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Vitamin D may prevent blocked blood vessels in diabetics

November 30, 2012

Diabetic patients who have adequate blood vitamin D concentrations are less likely to develop clogged arteries compared to vitamin D deficient diabetics, suggests a new US study.

In the study, blood samples of 43 participants with type 2 diabetes, and 25 healthy controls of the same age, sex, and weight were analyzed for vitamin D serum levels and the property of immune cells (macrophages) to adhere to walls of blood vessels (1). The results showed that in the diabetic patients with vitamin D levels less than 30 ng/mL, macrophage cells were more likely to attach to blood vessel walls. Only vitamin D levels, but not blood pressure, cholesterol, blood sugar or body weight, showed correlation with the level of immune cell adhesion to blood vessel walls.

The researchers commented that the adherence of macrophage cells to blood vessels triggers the cells to become loaded with cholesterol. The build-up of cholesterol in arteries eventually causes the vessels to stiffen and block blood flow. This risk seems to increase with lower blood concentrations of vitamin D. In future research, the scientists hope to determine whether vitamin D treatment can help to prevent the deposit of cholesterol in the blood vessels and/or to reverse other risk factors associated with reduce blood pressure and lessen the likelihood that diabetics will develop atherosclerosis or other vascular complications, the scientists noted.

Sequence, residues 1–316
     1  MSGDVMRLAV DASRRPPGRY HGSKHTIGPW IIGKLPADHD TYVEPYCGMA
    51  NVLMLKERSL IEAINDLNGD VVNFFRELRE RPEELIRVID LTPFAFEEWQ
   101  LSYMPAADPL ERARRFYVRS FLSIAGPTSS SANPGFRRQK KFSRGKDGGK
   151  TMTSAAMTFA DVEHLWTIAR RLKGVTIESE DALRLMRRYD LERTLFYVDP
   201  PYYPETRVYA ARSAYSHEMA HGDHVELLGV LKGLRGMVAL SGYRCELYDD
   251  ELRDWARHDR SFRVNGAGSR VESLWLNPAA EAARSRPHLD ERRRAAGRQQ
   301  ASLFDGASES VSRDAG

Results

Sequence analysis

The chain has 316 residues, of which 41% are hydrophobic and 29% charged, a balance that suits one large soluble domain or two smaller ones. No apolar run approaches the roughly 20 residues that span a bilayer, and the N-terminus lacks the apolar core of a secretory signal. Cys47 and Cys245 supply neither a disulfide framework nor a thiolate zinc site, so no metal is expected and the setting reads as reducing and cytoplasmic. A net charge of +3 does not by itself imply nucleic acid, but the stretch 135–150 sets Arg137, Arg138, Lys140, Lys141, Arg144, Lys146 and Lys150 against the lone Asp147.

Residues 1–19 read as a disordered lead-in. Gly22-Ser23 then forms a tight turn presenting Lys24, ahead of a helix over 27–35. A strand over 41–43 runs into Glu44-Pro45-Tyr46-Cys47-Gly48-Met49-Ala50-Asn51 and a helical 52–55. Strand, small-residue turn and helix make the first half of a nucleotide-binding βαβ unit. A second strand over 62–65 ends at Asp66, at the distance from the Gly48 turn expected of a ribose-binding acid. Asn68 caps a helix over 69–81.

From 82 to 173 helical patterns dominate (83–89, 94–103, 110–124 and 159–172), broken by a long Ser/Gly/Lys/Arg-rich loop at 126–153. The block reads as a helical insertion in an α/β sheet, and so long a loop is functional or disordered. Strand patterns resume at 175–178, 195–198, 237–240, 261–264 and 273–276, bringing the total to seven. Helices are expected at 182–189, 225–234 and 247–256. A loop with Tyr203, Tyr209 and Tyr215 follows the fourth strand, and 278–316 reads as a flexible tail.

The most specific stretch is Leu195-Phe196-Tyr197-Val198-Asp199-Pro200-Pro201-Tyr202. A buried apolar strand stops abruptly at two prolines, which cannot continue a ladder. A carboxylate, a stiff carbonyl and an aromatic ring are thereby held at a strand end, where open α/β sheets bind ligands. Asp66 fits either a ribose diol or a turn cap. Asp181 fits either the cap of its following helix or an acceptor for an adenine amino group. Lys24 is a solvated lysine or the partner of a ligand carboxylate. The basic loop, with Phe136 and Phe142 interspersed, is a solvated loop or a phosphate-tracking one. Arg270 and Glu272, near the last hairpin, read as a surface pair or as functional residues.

About 26 million Americans have type 2 diabetes and as obesity rates rise, it is expected that even more people will develop diabetes in the future. Diabetics are more likely to experience heart problems due to an increase in vascular inflammation. Previous studies have linked vitamin D deficiency in diabetic patients to increases in cardiovascular disease and mortality. Other work has suggested that vitamin D may improve insulin release from the pancreas and insulin sensitivity.

References

  1. Riek A. E. et al. Vitamin D suppression of endoplasmic reticulum stress promotes an anti-atherogenic monocyte/macrophage phenotype in type 2 diabetic patients. Journal of Biological Chemistry. 2012; 287(46):38482–38494.